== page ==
**The Word “و” (Wa)**:- “و” (wa), meaning “and,” is always used to connect the ones and the tens. Think of it as the glue that holds the two parts of the number together.

**Gender Agreement**:- For numbers 3-9, remember that Arabic numbers have gender forms. However, when forming numbers in this range, the
**ones**number agrees in gender with the noun, while the**tens**remain masculine. For example:- For
**23 students**(male), it would be**ثلاثة و عشرون طالبًا (thalātha wa ʿishrūn ṭāliban)**. - For
**23 students**(female), it would be**ثلاث و عشرون طالبة (thalāth wa ʿishrūn ṭāliba)**.

- For

- For numbers 3-9, remember that Arabic numbers have gender forms. However, when forming numbers in this range, the

### Visual Reference Table for Numbers 21 to 99

Number | Structure | Arabic (Ones + Wa + Tens) |
---|---|---|

21 | 1 + “و” (wa) + 20 | واحد و عشرون (wāḥid wa ʿishrūn) |

32 | 2 + “و” (wa) + 30 | اثنان و ثلاثون (ithnān wa thalāthūn) |

47 | 7 + “و” (wa) + 40 | سبعة و أربعون (sabʿa wa arbaʿūn) |

59 | 9 + “و” (wa) + 50 | تسعة و خمسون (tisʿa wa khamsūn) |

68 | 8 + “و” (wa) + 60 | ثمانية و ستون (thamāniya wa sittūn) |

93 | 3 + “و” (wa) + 90 | ثلاثة و تسعون (thalātha wa tisʿūn) |

## Number 100 in Arabic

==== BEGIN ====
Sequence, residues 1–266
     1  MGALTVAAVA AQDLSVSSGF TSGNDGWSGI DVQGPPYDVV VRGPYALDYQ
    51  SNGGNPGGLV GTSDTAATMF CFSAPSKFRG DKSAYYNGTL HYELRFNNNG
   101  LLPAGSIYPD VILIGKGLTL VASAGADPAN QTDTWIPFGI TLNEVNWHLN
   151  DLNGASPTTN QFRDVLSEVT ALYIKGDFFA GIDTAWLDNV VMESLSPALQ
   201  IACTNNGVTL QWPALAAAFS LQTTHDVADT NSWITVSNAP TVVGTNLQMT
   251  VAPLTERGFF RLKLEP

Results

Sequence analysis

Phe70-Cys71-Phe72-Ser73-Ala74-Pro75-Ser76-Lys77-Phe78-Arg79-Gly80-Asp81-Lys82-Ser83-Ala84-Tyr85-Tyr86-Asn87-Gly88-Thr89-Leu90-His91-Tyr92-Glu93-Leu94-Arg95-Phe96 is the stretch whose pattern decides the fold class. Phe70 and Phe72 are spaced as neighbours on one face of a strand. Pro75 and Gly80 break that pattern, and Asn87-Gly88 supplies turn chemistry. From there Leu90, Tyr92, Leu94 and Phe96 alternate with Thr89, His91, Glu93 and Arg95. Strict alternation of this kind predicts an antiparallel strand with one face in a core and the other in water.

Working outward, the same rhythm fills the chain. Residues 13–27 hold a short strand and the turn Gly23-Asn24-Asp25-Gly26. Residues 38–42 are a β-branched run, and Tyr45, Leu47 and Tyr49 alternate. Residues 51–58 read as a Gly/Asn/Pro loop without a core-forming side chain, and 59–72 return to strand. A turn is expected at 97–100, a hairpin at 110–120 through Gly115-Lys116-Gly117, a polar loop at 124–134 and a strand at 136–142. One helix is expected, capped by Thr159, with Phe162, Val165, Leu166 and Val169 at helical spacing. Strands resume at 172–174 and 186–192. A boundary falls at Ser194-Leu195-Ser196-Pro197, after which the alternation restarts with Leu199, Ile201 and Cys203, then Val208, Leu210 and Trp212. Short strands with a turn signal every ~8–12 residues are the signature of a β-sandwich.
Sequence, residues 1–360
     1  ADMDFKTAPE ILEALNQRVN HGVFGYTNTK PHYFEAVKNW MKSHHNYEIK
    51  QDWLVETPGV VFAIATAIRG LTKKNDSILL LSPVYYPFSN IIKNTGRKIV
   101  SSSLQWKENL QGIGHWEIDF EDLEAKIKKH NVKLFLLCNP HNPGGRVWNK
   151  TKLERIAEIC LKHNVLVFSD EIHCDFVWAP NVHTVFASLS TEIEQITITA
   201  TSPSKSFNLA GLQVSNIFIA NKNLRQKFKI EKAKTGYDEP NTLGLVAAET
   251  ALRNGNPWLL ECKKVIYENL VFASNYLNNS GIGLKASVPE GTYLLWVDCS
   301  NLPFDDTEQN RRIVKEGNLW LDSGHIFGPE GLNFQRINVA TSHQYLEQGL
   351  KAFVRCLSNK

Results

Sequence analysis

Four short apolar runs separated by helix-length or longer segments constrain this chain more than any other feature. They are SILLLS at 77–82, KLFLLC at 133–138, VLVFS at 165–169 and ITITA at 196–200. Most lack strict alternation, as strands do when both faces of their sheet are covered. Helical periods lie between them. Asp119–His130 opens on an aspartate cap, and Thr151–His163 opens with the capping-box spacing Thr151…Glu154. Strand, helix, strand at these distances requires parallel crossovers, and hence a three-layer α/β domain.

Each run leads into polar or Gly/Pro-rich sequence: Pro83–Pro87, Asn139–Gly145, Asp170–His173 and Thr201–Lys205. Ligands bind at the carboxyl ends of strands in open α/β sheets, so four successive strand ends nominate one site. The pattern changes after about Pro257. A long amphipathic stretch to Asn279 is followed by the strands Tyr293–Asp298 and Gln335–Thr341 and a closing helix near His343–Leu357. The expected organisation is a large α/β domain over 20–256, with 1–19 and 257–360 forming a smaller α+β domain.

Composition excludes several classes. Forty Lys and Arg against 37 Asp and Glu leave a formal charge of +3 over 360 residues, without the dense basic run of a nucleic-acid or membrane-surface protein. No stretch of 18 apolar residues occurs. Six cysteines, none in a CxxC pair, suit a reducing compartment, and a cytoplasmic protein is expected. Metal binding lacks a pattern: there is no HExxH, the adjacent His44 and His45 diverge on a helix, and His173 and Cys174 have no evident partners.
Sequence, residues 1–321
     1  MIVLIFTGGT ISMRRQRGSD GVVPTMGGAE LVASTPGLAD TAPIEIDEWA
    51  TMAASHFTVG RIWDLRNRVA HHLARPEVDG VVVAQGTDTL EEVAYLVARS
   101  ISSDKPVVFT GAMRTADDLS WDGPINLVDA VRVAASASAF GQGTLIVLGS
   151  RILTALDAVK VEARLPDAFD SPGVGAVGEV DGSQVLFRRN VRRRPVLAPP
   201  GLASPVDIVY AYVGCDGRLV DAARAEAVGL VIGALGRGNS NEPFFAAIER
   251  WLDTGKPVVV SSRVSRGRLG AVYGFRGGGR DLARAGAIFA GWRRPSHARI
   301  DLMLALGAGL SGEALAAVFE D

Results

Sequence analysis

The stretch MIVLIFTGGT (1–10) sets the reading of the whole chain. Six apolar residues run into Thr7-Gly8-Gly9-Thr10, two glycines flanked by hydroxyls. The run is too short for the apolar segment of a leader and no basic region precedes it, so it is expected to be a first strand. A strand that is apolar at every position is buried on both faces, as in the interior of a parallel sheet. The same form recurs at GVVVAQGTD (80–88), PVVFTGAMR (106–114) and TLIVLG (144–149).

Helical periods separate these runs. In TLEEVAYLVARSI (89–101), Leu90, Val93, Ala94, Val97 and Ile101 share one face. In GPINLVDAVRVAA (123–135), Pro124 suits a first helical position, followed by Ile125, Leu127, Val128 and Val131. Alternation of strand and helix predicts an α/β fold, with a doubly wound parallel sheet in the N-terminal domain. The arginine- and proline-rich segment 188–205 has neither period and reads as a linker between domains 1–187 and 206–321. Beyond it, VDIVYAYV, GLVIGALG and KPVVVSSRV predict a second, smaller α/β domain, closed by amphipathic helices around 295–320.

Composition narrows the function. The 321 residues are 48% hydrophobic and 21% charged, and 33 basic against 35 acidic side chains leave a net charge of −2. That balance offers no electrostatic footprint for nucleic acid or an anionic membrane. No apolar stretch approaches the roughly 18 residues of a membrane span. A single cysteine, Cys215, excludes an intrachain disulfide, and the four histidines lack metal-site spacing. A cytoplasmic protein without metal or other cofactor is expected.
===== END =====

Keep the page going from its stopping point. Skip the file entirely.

In Arabic, the word for 100 is:

**مائة**(miʾa) – one hundred

## Key Things to Remember

**Gender Agreement**: In Arabic, some numbers change depending on the gender of the noun they are describing. For numbers 3 to 9, the number is masculine when describing feminine nouns and vice versa. For example:

- Three books (masculine):
**ثلاثة كتب**(thalātha kutub) - Three pens (feminine):
**ثلاثة أقلام**(thalātha aqlām)

**Number 2 (Dual Form)**: The number 2, or**اثنان**(ithnān), does not change whether the noun is masculine or feminine. You can use it as is.**Combination of Units and Tens**: When combining numbers like 21, 32, or 54, always say the unit first, followed by the tens.

## Conclusion

Learning Arabic numbers from 1 to 100 can seem tricky at first, but once you understand the patterns, it gets easier. Start with 1 to 10, then move on to 11 to 19, and finally combine the units and tens to form larger numbers. With a little practice, you’ll be counting in Arabic in no time!

Let me know if you have any questions or need more help with Arabic numbers!